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Thank you. I must go down to the seas again. To the lonely sea in the sky. And all I ask is a tall ship and a star to steer her by
and the wheels kick in the wind song and the white sails shaking and the grey mist on the sea's face and the grey dawn breaking. I must go down to the seas again for the call of the running tide as a wild call and the clear call that may not be denied. And all I ask is a windy day with the white clouds flying and the flung spray and the blown Spielman of the sea gulls crying. I must go down to the seas again to the vagrant gypsy life of the gulls way and the whales way. When Michael where the night. And all I ask is a merry yarn from a laughing fellow and why it's a long trip. So.
This is the first in a series of 13 programs titled down to the sea on these programs we will take you word in sound and music into the world of Oceanography into the fascinating world it is the ocean the ocean that covers more than two thirds of the earth. We will follow giant herds of migrating whales descend into the depths and research submersibles visit ancient wrecks and explore underwater parks. And it is betting that we begin our journey down to the sea with an introduction to this relatively new science of oceanography and with a visit with one of the true pioneers in this field of study. Captain Jack I am struck by the fact that people are generally not that hard to write. There are titles by the sea shore by swimming but attacked in the media by as being a new source of inspiration. Not yet. The history of mankind I
think is a long history of action from the sea. And. If you Sailor have traditionally been hired illegal ways for example by drinking with them and having them signed out. And all meant when they are drunk because it would never have done so sober and. Back as you see the legends and history and people have been terrorized by my passion and tell. Me that this is partly motivated it was motivated by the fact that there are not I say that the storms make to see a very rough highway and that mankind is very uncomfortable on a shaking box living on a ship
and not even speaking of seasickness which is a terrible shock to to tell intro work it seems even beyond that those who are not sensitive to do that nevertheless do not work as comfortably and as well on board a ship as they do on the land. It's fashionable to speak about the sea because because it's gummy. But the basic approach and has not yet been eliminated so we have to work at that because it is. And I typed here and I own that you should forget the surface to surface is not and I typed in and filed that below the surface. It is quiet and well balanced and well get me it is very likely that in the future most of the songs will be sent Marines independent from the surface waves as well.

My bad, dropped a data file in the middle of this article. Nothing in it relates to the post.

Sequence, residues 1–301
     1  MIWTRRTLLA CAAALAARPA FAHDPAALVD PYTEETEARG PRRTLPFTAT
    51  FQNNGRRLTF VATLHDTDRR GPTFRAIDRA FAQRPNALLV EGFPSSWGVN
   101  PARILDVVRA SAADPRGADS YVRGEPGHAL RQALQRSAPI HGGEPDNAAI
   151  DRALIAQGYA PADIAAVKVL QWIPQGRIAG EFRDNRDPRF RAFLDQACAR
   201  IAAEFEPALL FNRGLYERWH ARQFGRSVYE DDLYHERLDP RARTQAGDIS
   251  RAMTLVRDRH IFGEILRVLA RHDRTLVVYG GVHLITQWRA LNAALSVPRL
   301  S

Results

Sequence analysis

It is very likely that the batteries in the bottom about ice and workshops will be and when Concord all accounts next and it is also likely that. Soldiery within 50 year turn out to be NS. So we will witness a chance. You know if he doesn't teach you that it is not done yet. It's an interesting. Point that you brought out Captain custom about the your efforts in trying to inform the public at large about what the sea is do you find that the public is largely ignorant of all the SI means to them. Yes I do because they are fed. By information media with stereotyped I date.
For example every time I listened to a lecture on Oceanography I came back with the idea that with the explosion of thought predation only hope to feed the world to harm the world is going to turn to the sea and expect to see such nonsense because of course the sea may come to that to that. But it's not clear that purpose of pushing our feet on the problem of feeding a hungry world is much more political than anything else. I don't want to be you know food for everybody if we could distribute it public. But nevertheless the contribution of the sea into feeding can be only going to reorganize. But people are misinformed about most of the things because they think that the increasing methods of fishing in proving the message of fishing for example we can increase indefinitely